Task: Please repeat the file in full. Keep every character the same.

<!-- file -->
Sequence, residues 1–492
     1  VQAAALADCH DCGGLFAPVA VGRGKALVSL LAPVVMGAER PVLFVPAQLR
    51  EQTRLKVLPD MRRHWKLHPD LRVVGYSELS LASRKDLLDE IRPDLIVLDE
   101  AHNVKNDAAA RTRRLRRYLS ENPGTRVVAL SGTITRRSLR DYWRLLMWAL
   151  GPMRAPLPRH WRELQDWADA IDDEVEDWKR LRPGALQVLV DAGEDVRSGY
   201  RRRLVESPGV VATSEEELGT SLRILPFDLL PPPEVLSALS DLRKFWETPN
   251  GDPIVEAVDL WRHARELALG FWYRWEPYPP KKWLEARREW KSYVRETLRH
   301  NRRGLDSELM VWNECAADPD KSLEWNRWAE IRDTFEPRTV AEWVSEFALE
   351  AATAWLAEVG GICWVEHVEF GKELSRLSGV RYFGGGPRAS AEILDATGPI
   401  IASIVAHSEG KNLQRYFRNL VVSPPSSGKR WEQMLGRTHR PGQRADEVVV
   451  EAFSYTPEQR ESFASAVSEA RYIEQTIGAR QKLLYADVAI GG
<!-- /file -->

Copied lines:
Sequence, residues 1–492
     1  VQAAALADCH DCGGLFAPVA VGRGKALVSL LAPVVMGAER PVLFVPAQLR
    51  EQTRLKVLPD MRRHWKLHPD LRVVGYSELS LASRKDLLDE IRPDLIVLDE
   101  AHNVKNDAAA RTRRLRRYLS ENPGTRVVAL SGTITRRSLR DYWRLLMWAL
   151  GPMRAPLPRH WRELQDWADA IDDEVEDWKR LRPGALQVLV DAGEDVRSGY
   201  RRRLVESPGV VATSEEELGT SLRILPFDLL PPPEVLSALS DLRKFWETPN
   251  GDPIVEAVDL WRHARELALG FWYRWEPYPP KKWLEARREW KSYVRETLRH
   301  NRRGLDSELM VWNECAADPD KSLEWNRWAE IRDTFEPRTV AEWVSEFALE
   351  AATAWLAEVG GICWVEHVEF GKELSRLSGV RYFGGGPRAS AEILDATGPI
   401  IASIVAHSEG KNLQRYFRNL VVSPPSSGKR WEQMLGRTHR PGQRADEVVV
   451  EAFSYTPEQR ESFASAVSEA RYIEQTIGAR QKLLYADVAI GG